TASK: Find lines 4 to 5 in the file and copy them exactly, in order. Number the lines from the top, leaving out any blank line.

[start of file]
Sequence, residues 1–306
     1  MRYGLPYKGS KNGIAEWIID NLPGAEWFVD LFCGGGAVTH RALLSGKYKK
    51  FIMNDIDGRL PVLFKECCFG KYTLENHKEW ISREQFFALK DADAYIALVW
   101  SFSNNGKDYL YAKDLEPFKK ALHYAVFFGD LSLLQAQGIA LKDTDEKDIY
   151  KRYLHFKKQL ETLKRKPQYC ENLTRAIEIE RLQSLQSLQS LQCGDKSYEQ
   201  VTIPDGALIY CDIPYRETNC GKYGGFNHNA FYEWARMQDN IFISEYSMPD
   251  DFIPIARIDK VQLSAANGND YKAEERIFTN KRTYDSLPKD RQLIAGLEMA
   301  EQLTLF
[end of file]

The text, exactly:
   101  SFSNNGKDYL YAKDLEPFKK ALHYAVFFGD LSLLQAQGIA LKDTDEKDIY
   151  KRYLHFKKQL ETLKRKPQYC ENLTRAIEIE RLQSLQSLQS LQCGDKSYEQ